The proposed Reform Support Programme will provide financial and technical support to all EU Member States in order to pursue and implement reforms aimed at modernising their economies, notably reform priorities identified in the context of the European Semester. Targeted support will also be offered to those Member States wishing to join the euro. The Reform Support Programme will have an overall budget of €25 billion and will support reform efforts in areas such as product and labour markets, education, tax systems, capital markets, business environment as well as investment in human capital and public administration reforms. The Reform Support Programme will be open to all Member States which wish to benefit from it.

• It includes three separate and complementary instruments:
  • A Reform Delivery Tool to provide financial support for key reforms identified in the context of the European Semester, with EUR 22 billion available to all Member States. Intense dialogue has taken place in recent months with the Member States on how to develop this new instrument in the future, including by rolling out a pilot project with Portugal.
  • A Technical Support Instrumentto help Member States design and implement reforms and to improve their administrative capacity. This builds on the experience of the Structural Reform Support Service, which has supported over 440 reform projects in 24 Member States in recent years. The tool is available to all Member States and has a budget of EUR 0.84 billion.
  • A Convergence Facility of EUR 2.16 billionthat will provide dedicated financial and technical support to Member States having made demonstrable steps towards joining the euro. This Facility does not alter the criteria in place for accession to the euro but it will provide practical support to ensure a successful transition towards, and participation into, the euro for those Member States wishing to join.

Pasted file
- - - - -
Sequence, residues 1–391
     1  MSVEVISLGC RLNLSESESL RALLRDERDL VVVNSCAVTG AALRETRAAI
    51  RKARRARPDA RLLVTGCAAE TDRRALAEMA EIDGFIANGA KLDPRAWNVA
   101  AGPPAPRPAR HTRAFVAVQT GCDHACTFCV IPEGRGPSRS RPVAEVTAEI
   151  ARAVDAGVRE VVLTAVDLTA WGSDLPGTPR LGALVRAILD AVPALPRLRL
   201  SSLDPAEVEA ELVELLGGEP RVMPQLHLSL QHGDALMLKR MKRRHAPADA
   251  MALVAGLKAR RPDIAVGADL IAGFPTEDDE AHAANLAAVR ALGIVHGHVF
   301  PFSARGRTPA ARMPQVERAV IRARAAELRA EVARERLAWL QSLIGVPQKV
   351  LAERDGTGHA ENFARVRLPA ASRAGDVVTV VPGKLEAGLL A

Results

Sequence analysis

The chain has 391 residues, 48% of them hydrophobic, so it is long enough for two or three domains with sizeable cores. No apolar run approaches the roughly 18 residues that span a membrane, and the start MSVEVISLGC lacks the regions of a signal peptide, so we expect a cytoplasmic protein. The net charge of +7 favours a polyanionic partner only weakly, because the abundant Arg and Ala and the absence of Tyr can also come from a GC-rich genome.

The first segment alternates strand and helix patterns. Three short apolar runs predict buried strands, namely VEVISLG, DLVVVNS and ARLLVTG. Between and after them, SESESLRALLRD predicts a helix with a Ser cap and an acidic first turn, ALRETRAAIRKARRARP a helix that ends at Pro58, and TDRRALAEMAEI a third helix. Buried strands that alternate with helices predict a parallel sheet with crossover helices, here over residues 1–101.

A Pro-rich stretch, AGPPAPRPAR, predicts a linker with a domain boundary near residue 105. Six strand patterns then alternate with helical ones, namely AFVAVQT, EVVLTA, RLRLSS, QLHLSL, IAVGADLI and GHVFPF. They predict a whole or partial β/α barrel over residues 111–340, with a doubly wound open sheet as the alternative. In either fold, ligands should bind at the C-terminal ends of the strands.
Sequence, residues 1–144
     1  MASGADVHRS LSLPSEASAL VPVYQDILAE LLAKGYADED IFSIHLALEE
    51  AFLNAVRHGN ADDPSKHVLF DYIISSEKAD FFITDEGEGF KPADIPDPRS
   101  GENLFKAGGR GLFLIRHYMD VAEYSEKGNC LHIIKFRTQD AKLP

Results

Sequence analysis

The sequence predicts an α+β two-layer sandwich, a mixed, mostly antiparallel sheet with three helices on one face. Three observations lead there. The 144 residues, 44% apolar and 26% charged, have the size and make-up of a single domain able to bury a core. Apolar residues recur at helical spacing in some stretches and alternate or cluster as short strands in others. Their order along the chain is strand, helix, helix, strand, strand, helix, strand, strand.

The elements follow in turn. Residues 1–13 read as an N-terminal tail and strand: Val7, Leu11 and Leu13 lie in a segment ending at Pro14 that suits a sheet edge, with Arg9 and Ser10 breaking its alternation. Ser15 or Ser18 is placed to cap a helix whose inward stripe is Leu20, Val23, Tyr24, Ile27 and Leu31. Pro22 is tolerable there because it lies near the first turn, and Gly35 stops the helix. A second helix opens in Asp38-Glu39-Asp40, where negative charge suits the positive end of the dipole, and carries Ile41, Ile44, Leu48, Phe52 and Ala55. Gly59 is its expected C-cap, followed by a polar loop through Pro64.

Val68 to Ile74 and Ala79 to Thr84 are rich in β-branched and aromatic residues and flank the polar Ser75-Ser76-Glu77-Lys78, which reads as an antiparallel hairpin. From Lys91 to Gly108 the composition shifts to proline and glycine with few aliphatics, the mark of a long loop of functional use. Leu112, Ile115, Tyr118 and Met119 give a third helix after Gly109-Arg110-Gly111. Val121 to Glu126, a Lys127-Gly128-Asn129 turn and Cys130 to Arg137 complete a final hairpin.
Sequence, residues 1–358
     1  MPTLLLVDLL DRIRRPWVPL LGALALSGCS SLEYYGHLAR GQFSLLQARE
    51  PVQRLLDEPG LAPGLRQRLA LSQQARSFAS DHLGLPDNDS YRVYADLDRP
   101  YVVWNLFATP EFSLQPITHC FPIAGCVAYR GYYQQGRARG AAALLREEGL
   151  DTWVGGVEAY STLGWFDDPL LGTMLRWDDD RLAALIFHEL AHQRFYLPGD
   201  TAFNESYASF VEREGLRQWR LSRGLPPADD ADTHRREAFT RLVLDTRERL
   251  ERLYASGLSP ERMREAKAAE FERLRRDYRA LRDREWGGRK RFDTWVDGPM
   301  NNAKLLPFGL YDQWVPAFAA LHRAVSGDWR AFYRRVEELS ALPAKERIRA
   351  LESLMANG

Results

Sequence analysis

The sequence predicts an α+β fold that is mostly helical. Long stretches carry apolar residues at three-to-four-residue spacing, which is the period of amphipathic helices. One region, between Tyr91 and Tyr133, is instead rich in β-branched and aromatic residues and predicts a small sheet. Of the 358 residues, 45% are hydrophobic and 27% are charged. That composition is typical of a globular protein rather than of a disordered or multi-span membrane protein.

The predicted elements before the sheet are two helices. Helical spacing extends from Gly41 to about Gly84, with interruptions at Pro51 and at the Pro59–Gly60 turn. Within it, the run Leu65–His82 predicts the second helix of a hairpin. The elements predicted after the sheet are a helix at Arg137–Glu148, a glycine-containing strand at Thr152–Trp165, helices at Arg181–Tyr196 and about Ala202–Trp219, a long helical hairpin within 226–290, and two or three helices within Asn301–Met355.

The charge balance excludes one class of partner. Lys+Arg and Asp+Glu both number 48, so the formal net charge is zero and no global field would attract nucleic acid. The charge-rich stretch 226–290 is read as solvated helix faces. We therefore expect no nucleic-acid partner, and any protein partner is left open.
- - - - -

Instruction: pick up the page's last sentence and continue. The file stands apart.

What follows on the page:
European Investment Stabilisation Function

The proposal to establish a European Investment Stabilisation Function aims to protect public investment in the event of large asymmetric shocks and help the economy rebound quickly. As shown by the crisis years, existing national stabilisation mechanisms may not be sufficient to absorb certain macroeconomic shocks and there are often risks of negative spill-over to other countries, with a particularly damaging impact on public investment levels and the real economy. This new instrument is focused on euro area Member States and countries participating in the exchange rate mechanism ERM II, which can no longer use their monetary policy as a lever for adjustment to shocks.

The new Function will complement the toolbox existing at national and European level to prevent crises from emerging on the one hand, including through the European Semester and corresponding EU funding, and to deal with situations of financial distress, through the European Stability Mechanism and Balance of Payments assistance, on the other.